Pottery panacea for fluorosis belt

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By OUR CORRESPONDENT
  • Published 21.06.07
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June 21: Pottery could be Assam’s answer to fluorosis.

This interesting discovery by the head of department of environmental science at Gauhati University, Hari Prasad Sarma, has come as a godsend for Dhubri district’s ailing pottery industry.

His study has revealed that earthen containers, if used for storing drinking water, can prevent diseases caused by fluoride-contaminated water.

Children and pregnant women are prone to fluorosis, which affects both bones and teeth.

The disease has spread across several districts of Assam, including pockets of Dhubri where the fluoride content in water is much higher than the permissible limit of 1.5 mg.

Sarma discovered during the course of his study that earthenware absorbs 20 to 25 per cent of the fluoride in water. Water stored in pitchers and earthen pots, therefore, has less fluoride content.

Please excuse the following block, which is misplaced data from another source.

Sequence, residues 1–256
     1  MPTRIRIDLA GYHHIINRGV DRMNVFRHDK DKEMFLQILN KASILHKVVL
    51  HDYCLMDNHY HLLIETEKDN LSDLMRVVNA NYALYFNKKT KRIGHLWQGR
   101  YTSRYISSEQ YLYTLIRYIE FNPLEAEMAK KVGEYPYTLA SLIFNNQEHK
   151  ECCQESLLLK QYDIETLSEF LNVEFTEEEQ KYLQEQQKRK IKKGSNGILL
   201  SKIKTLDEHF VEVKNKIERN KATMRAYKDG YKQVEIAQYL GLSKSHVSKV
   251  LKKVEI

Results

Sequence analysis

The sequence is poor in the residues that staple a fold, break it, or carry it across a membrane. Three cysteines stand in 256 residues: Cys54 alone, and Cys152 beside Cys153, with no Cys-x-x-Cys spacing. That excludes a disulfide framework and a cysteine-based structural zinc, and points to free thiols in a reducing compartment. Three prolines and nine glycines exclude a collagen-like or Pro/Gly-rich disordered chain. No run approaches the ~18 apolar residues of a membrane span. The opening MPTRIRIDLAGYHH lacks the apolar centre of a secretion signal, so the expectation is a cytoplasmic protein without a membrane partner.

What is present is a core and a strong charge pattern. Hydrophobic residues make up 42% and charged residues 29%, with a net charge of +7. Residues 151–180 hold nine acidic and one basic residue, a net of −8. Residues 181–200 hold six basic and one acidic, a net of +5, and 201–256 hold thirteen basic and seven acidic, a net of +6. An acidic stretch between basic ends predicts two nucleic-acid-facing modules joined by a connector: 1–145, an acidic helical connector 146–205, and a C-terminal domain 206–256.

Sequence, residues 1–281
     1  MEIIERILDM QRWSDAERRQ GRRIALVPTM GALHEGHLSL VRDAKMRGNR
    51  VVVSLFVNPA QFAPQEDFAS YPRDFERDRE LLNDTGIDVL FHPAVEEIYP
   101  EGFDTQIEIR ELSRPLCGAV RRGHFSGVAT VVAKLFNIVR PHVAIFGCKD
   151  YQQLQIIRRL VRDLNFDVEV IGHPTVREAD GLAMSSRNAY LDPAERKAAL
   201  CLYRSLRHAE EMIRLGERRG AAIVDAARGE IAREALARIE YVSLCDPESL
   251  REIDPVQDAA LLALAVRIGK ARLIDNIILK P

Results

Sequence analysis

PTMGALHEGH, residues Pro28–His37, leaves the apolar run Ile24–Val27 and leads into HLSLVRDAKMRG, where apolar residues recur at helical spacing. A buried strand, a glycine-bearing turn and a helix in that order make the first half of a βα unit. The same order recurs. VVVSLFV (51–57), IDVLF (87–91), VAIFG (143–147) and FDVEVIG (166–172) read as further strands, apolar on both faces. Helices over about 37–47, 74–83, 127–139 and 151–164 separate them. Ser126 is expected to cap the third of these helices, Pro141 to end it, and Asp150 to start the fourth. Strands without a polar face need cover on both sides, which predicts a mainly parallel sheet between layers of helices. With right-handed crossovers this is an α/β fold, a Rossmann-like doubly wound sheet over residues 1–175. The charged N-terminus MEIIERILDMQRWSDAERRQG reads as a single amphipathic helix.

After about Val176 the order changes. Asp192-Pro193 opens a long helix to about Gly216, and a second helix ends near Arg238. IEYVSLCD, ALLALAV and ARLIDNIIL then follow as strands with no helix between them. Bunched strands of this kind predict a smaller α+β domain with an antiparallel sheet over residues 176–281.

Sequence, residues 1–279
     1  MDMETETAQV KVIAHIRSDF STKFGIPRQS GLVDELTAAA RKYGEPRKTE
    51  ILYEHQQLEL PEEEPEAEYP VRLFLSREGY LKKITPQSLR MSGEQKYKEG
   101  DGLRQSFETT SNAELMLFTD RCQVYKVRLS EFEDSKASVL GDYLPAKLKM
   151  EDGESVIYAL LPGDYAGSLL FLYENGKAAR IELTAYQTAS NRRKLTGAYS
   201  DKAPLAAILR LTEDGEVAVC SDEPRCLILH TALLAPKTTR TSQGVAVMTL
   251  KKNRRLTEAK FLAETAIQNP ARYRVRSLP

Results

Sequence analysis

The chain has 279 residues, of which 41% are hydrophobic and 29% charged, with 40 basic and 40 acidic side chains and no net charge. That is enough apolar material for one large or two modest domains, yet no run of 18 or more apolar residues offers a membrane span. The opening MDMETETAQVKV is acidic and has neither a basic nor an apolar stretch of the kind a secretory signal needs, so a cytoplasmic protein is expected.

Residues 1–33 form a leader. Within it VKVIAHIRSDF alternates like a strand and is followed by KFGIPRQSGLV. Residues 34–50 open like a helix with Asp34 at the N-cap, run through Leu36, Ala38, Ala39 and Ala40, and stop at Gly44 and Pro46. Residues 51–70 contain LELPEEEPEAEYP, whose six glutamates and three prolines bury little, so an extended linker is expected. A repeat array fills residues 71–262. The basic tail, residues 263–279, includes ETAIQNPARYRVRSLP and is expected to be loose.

The North East Craft and Rural Development (Necardo), an NGO that has been working for years to promote terracotta and pottery, believes the professor’s findings can provide a fresh lease of life to the ailing pottery industry of Dhubri.

Traditional pottery was the sole source of sustenance for more than 400 artisans from the 80 families who live in Asharikandi.

Binoy Bhattacharjee, the director of Necardo, said Sarma’s discovery was not only significant in medical terms but also a boon for potters.

“Potters are finding it increasingly difficult to save the dying art because of stiff competition from the plastic industry. But Sarma’s report has fuelled hope. If people can be made aware of the benefits of using earthen materials, I am sure the dying craft can survive the onslaught of plastic.”

Necardo intends to highlight the natural way of combating health hazards by pegging its awareness campaign on Sarma’s report.

Bhattacharjee said water containers made of clay were the perfect alternatives to plastic or metal containers. “They are bio-degradable, eco-friendly and economic. They act as natural filters and water stored in earthenware remains cool, too. Water containers made of plastic and metals are not always safe.”

Necardo will take its awareness campaign to all fluorosis-affected districts of Assam.